Join us Sunday mornings at 9:30 AM as we study God’s word together.
Our current sermon series is titled “Return to God” and is a study of the Old Testament book of Malachi. One of the convictions of Central Baptist Church is that the healthy way of approaching the Scriptures is through expository preaching. That is, we must always approach Scripture looking to learn what God is saying to us through the text. We must avoid approaching the Scriptures with our preconceived notions, seeking to baptise our imaginations with Bible versions. To do so, we believe there is value in approaching the Scriptures book by book, and we believe that the whole Scripture—Old and New Testament—is inspired by God and profitable for his church. The following introduction to the book of Malachi is taken from the ESV Study Bible.
The prophet Malachi (whose name means “my messenger”) probably lived at the same time as Ezra and Nehemiah, around 460 B.C.
Malachi’s fellow Israelites were guilty of corrupt worship and unethical behaviour. He called the people to renewed covenant obedience.
Malachi’s ministry took place nearly a hundred years after the decree of Cyrus in 538 B.C., which ended the Babylonian captivity and allowed the Jews to return to their homeland and rebuild the temple. This was some eighty years after Haggai and Zechariah encouraged the rebuilding of the temple. Those two earlier prophets had said that the rebuilding of the temple would result in peace, prosperity, the conversion of people from other nations, and the return of God’s own glorious presence. To the discouraged people of Malachi’s day, these predictions must have seemed a cruel mockery. In contrast to the glowing promises, they faced economic difficulties due to drought and crop failure. They remained an insignificant territory, no longer an independent nation and no longer ruled by a Davidic king. Worst of all, despite the promise of God’s presence, they experienced only spiritual decline.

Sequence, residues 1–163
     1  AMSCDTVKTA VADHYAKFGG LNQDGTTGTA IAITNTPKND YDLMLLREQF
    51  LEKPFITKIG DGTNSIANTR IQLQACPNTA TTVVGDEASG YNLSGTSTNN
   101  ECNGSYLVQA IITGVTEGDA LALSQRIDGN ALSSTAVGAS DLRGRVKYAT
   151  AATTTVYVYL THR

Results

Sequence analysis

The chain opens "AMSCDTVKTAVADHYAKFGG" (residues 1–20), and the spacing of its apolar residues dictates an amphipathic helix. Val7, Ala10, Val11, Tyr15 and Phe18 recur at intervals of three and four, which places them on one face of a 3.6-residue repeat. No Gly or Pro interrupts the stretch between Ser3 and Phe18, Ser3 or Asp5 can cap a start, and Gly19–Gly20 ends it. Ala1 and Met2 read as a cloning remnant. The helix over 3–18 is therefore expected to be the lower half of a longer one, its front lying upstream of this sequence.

Malachi likely prophesied several decades after the first Jewish exiles had returned from Babylon to Judea and had rebuilt the temple. Edomites had migrated northwest from their traditional homeland just south of Moab into the area immediately south of Judea, which was now called Idumea. Territory that once belonged to the northern kingdom of Israel had been divided into several minor provinces, including Samaria.
The book of Malachi describes six disputations between God and Israel. There is a common pattern in each dispute: (1) God charges his people with bad behavior; (2) he then envisages the people’s response to the charge (“But you say”; 1:2, 6, 7, 13; 2:14, 17; 3:7, 8, 13); (3) God then replies to their presumed response and expands the charge.
View the sermons in this series here.